So he was still on Earth, but in a parallel universe. That was good, he wouldn’t have to relearn too much. Not like when he’d revived in the body of an eight-armed reptile. But the fact that his Tsoui points were in the red — that was very, very bad. Why were they so far in the negative? He hadn’t done anything bad, he’d just played computer games!

Reincarnation unavailable. Tsoui point balance must be above zero.
Right to reincarnation with negative balance: exhausted.
One-time Wheel spin privilege: available.

Esk swore internally, mentioning all the gods he’d known from previous lives. As an emperor, he had gone into minus points for the first time in all his incarnations, but he was sure he would earn the Tsoui back in Ilya’s body. He’d decided to simply not do anything that could negatively affect his balance. As it turned out, doing nothing carried a harsher Tsoui penalty than all the deadly sins performed in the emperor’s body...
After landing in the body of the future Russian student Ilya, Esk had used his one-time spin of the Wheel, but an empty sector came up. Good that it wasn’t negative, at least. He could have gotten some curse like an incurable illness or limited mental abilities. He didn’t have enough Tsoui points for more, he’d wasted too much as emperor. Wasted and lost.
Having decided that since he had no right to reincarnate again, then he had to start living as soon as possible, he returned to the real world and realized that he was lying in a deep, stinking puddle. The smell was nightmarish. Esk grimaced and tried to stand, but couldn’t.
The water covered his face, went into his eyes, nose, mouth and one ear. It was extremely unpleasant.
Making an effort, Esk’s mighty spirit absorbed the personality of this new body, including all its skills and memories, and corrected the body’s damage and defects on the cellular level.
Then, stumbling, he lurched to his feet and looked at the new world around him.
Some grimy youths stood at the edge of the puddle, their mouths wide open in amazement. One of them — Esk-Luca realized that it was Karim — shouted, wide-eyed.
“What the hell, cripple, you can walk now?!”
The memory of Luca Dezisimu, crippled seventeen-year-old son of the dead gladiator North, finally settled and structured itself in Esk’Onegut’s mind. The cripple’s personality boiled with such fury that Esk recoiled, as it were, retreating before the primal anger of the helpless pariah. He felt uncomfortable.
Damn! He was tired of living. Life wasn’t just pleasure, but also sadness, grief, pain, hunger, the loss of loved ones, the need to strive and achieve... Centuries, no, millennia of ceaseless living had wearied the universal traveler.
The traveler mentally whispered: Damn it, live then. I’ll watch. And then he handed to the former cripple the reins over the body, the Tsoui system and the mind.
Luca, incredulously clapping himself on the sides, on his arms and legs, realized that he was absolutely healthy.
He raised his head and cast a baleful gaze on Karim.

Chapter 3. Magical Healing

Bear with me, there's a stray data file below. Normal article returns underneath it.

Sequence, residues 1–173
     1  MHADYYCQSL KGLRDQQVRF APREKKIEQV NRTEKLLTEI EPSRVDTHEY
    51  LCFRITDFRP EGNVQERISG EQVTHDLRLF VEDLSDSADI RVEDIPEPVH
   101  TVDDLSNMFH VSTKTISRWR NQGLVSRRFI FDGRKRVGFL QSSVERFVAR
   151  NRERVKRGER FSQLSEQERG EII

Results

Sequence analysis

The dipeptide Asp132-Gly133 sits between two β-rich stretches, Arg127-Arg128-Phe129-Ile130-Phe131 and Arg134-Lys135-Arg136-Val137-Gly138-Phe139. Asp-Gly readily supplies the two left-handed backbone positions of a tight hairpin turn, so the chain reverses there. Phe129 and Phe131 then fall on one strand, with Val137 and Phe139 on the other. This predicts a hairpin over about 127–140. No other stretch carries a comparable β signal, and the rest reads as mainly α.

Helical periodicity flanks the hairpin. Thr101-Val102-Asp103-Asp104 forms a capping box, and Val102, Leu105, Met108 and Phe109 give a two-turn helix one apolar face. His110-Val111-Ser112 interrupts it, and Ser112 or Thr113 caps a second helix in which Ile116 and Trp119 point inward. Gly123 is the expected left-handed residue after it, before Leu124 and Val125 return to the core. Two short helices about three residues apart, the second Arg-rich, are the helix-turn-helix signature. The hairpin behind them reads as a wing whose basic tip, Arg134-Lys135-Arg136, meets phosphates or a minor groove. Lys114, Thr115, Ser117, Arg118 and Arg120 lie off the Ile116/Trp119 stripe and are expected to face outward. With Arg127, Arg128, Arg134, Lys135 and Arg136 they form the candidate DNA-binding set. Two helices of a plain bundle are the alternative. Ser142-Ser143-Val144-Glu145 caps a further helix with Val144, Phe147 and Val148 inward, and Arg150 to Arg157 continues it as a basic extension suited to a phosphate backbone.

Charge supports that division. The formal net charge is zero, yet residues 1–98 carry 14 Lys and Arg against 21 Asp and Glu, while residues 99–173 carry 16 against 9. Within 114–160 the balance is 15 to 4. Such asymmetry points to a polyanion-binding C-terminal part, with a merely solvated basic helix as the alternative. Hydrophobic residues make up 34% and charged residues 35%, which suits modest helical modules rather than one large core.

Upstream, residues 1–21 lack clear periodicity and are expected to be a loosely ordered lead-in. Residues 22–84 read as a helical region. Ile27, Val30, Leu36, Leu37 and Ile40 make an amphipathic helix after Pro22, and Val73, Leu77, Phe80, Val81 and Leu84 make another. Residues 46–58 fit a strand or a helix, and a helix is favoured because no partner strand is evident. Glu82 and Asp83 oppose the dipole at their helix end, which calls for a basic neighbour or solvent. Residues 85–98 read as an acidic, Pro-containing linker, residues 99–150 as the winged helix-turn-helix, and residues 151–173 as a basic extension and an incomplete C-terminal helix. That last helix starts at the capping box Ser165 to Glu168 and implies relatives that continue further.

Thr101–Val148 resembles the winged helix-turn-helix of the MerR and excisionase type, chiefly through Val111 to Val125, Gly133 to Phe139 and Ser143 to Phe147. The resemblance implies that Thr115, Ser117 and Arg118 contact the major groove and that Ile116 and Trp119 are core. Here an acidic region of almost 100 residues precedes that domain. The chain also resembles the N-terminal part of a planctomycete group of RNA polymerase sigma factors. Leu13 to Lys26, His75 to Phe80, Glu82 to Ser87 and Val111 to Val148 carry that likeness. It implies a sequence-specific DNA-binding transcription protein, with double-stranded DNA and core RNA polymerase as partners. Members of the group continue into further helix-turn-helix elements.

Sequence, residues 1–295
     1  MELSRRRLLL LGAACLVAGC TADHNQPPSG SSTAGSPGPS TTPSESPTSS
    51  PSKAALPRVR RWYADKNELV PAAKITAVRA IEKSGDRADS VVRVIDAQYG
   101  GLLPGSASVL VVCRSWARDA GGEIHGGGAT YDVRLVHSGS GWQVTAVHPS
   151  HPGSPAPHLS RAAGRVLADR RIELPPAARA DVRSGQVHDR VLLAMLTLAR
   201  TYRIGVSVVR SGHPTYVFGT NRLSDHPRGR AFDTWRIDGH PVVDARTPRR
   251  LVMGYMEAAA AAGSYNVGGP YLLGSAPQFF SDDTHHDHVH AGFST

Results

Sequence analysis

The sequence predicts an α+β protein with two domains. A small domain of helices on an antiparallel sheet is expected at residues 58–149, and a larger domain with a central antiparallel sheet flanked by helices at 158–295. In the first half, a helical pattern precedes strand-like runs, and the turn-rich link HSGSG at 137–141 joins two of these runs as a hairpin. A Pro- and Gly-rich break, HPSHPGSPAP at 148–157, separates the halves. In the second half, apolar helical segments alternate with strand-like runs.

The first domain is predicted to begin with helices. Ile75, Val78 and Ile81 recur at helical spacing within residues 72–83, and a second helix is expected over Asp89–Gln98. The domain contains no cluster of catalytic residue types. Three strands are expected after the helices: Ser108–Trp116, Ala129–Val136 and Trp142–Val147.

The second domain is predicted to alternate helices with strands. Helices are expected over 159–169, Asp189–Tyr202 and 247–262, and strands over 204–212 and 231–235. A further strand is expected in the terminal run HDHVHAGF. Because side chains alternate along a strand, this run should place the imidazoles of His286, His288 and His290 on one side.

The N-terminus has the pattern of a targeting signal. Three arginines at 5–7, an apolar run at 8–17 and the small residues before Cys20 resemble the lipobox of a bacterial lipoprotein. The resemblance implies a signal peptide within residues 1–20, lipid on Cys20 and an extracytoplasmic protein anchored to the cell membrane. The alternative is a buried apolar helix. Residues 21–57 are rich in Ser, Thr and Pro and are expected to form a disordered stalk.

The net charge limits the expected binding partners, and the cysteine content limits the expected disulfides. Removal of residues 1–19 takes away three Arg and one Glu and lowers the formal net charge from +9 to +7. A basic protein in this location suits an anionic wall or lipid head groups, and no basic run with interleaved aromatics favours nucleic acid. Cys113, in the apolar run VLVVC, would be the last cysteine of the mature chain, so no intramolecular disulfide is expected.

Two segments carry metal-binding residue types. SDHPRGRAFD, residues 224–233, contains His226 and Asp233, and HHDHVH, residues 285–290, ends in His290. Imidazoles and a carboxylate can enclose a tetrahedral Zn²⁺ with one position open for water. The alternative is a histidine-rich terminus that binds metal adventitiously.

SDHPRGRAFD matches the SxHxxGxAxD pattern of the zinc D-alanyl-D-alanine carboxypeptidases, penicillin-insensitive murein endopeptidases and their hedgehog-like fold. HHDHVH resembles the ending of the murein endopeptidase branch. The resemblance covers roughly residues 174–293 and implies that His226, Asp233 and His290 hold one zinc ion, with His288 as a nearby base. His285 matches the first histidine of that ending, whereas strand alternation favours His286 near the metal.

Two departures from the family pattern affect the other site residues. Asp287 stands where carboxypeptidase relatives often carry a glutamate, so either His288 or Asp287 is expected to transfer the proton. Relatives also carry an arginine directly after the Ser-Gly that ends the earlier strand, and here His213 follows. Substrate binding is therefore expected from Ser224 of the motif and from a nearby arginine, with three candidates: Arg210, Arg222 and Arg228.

“Karim healed the cripple!” Fat Pete shouted suddenly. “With a magic stone!”
The joke didn’t land. After the last hit, Luca fell from the wheelchair and lay for quite some time in the puddle. They’d decided that he might have died and were about to run away before a guard appeared. Unlikely as that was. But the cripple rose!
Unable to believe their eyes, the boys continued to gawk at Luca. He himself wasted no time. Whether his recovery was real or not, he had no idea when it might end. The boy wiped his face with his sleeve, climbed out of the puddle, chose a couple of likely stones nearby and, waving his arm inexpertly, threw one.
The stone flew three feet and splashed straight into the puddle. The hooligans were shocked, then broke into laughter.
Without delay, Luca threw the second, and it fell into the mud nearby. Angry with himself, Luca kept picking up and throwing stones at the boys, who continued to mock him even now that he had control over his body, but he couldn’t throw a stone even to the middle of the puddle. The ruffians stood on the opposite side, dying of laughter.
Karim even started choking, grabbing at his stomach, and the other boys laughed with him. Fat Pete, Karim’s right-hand man, laughed louder than anyone. He supported his leader with subservience in all his endeavors; the innkeeper’s son generously shared any uneaten leftovers from customers’ plates with him and the other boys, and in this district of the capital, food was the most valuable resource.
Luca had dreamed so many times of being able to pick up and return a stone thrown at him! And here he finally was... But he’d spent his whole life bedridden, he’d never learned to throw stones. If only his father were here... Or at least Kora, she could have taught him easily! But his sister was somewhere in a city watch jail cell while his mother saved up for her bail.
Luca looked around, but there were no more stones nearby.
“Hey, cripple!” Catch!” Fat Pete shouted, throwing another stone at him.
Out of habit, Luca watched motionlessly as the stone flew. But then he suddenly heard thoughts in his head. As if his own, but also... not. Move! Sorry, but I can’t just sit here and watch! Then his body began to move by itself, turned and leaned, dodging. The stone flew past him, nearly hitting him.
“Wow! Come on guys, let’s make him dance!”
The target was moving now, and that provoked the bullies. They got to work grabbing whatever was to hand and throwing it at Luca. But the boy even found a certain pleasure in not letting them hit him. Moving only as much as he needed to, he easily dodged all that came his way.